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Summit aims to build strong community

Neighborhood leaders, activists to discuss array of issues


Photo Credit: TRIBUNE PHOTO: JONATHAN HOUSE - Signs protest home demolitions in Portland.Portlanders are invited to attend a free day-long community summit that will discuss such hot-button issues as racial profiling, residential demolitions, oil and coal trains, and the proposed $15 an hour minimum wage.

The summit, called “In It Together,” is being organized by the city’s Office of Neighborhood Involvement in partnership with numerous community-based groups, including the Center for Intercultural Organizing, Latino Network, Right 2 Dream 2, the Portland Youth and Elders Council, several neighborhood coalition offices, and other organizations.

The summit will take place during a time of growing unrest among Portland residents on a range of issues. Some activists are circumventing the traditional channels and presenting their concerns directly to the City Council. For example, the grassroots United Neighborhoods for Reform is lobbying the council to appoint a citywide task force on residential demolition and infill issues. The labor-backed 15NowPDX wants the council to raise the minimum wage to $15 an hour. And Hands Up, Don’t Shoot Portland protesters are pushing for police reforms behind those in last year’s settlement agreement with the U.S. Department of Justice. Members of each group will be participating in the event.

The summit will begin with a reception at City Hall on Friday, Feb. 27, and continue all the next day.

Mayor Charlie Hales will open the summit and participate in a State of the City discussion with participants. Some community organizations will explain how they successfully influenced public policies. Most of the day is dedicated to a series of workshops led by city staff and partnering organizations. Topics include: strategies for managing neighborhood growth and change; anti-poverty strategies; helping neighbors with crime and livability issues; dealing with vacant and squatter properties; home and community gardening; community-led parks and public spaces; responding to emergency alerts; hazardous materials and other demolition-related issues; the transportation of volatile fuels through the city; and organizing to end profiling.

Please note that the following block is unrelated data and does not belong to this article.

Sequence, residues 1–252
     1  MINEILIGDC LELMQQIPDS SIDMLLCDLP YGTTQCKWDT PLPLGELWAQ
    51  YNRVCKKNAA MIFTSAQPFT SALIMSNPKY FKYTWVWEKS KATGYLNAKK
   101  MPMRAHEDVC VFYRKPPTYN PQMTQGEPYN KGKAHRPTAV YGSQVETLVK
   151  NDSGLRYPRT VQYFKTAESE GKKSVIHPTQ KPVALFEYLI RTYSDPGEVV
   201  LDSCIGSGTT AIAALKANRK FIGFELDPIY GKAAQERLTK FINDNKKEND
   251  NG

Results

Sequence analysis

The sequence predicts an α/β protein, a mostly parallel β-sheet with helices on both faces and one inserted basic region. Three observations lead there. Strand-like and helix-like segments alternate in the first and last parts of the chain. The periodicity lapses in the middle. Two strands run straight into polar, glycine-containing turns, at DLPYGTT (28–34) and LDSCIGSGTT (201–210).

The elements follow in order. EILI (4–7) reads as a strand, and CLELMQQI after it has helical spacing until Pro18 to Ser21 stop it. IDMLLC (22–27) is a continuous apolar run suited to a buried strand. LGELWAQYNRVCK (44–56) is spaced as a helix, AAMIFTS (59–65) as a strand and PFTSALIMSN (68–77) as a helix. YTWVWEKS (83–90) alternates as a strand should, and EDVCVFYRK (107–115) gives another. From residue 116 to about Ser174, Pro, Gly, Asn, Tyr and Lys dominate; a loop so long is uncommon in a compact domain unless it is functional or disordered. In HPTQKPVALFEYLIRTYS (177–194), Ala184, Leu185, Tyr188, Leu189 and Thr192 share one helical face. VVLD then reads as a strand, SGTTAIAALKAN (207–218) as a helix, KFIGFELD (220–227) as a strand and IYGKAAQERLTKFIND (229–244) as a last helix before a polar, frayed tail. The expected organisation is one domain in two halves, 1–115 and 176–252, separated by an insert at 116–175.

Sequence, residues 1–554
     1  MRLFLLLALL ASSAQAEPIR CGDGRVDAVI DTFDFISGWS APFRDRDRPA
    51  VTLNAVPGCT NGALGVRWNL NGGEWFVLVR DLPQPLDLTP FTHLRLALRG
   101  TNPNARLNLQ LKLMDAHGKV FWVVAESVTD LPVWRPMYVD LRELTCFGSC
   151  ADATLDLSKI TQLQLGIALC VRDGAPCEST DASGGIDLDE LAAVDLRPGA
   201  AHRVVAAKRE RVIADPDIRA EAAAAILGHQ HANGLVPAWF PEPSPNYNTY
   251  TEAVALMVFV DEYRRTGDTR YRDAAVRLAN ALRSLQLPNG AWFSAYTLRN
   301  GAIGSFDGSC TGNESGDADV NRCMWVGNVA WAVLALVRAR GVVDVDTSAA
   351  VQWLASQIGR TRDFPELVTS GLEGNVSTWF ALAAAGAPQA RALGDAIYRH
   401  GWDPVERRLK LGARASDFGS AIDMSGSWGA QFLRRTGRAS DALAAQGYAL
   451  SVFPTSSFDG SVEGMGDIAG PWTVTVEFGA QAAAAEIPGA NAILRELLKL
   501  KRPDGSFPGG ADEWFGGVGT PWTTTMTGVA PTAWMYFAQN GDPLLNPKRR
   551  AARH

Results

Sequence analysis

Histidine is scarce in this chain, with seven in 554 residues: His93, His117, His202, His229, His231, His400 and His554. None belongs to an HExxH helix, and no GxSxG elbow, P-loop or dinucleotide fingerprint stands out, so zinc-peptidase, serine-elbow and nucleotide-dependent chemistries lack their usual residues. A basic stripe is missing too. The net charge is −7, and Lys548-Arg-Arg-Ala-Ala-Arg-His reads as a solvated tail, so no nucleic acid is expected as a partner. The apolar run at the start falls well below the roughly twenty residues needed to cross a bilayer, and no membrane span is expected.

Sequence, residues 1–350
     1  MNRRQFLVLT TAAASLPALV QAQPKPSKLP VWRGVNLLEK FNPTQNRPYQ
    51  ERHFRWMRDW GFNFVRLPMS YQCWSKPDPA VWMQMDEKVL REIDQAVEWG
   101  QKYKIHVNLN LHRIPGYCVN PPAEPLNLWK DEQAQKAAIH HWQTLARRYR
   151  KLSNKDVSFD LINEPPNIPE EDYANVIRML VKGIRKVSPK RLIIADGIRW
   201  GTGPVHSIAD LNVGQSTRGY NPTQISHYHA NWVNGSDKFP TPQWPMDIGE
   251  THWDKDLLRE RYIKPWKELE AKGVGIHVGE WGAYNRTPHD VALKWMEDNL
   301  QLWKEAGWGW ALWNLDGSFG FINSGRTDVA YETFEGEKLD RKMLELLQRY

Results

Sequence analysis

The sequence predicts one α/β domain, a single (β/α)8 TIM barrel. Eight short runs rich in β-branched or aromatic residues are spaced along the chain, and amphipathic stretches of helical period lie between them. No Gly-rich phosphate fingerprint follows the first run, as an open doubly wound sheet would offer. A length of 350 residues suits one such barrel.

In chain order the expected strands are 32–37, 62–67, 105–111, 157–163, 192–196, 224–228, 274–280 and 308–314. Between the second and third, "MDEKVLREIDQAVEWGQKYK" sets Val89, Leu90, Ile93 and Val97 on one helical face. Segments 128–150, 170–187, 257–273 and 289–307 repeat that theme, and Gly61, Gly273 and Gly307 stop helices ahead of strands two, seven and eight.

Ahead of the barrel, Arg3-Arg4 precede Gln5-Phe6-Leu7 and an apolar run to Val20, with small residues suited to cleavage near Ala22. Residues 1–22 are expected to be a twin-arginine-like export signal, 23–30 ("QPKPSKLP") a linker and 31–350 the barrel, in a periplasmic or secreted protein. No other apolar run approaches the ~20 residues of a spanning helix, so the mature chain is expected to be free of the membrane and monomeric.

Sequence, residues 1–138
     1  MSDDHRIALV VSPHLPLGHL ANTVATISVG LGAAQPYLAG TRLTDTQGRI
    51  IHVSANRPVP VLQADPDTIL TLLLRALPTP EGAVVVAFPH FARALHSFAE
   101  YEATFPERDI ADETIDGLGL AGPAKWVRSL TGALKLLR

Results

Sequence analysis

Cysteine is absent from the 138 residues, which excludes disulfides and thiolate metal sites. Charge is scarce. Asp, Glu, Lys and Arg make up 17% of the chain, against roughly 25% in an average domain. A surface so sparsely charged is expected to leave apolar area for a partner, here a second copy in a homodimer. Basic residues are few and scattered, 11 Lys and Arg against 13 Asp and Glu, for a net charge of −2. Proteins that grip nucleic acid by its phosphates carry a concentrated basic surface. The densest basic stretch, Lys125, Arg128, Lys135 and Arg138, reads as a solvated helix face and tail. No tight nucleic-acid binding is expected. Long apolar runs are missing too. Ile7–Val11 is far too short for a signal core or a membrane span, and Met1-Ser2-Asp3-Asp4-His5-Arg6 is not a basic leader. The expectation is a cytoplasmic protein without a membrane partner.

Portland used to hold an annual neighborhood summit that focused on issues raised by the official neighborhood associations and neighborhood coalition offices. Those ended in 2004 after then-Mayor Tom Potter began pushing to increase the city’s involvement process to include underrepresented communities, including minorities. Organizations that began receiving city funds to increase involvement included the Urban League of Portland, the Center for Intercultural Organizing, the Latino Network, the Immigration & Refugee Community Organization, and the Native American Youth and Family Center.

According to ONI community engagement coordinator Victor Salines, city officials feel the time is right to restart the annual summits with a broader focus that includes both neighborhood and communitywide issues. One goal is for the summit to identify specific problems to be addressed over the year, with progress reports made at the next summit.

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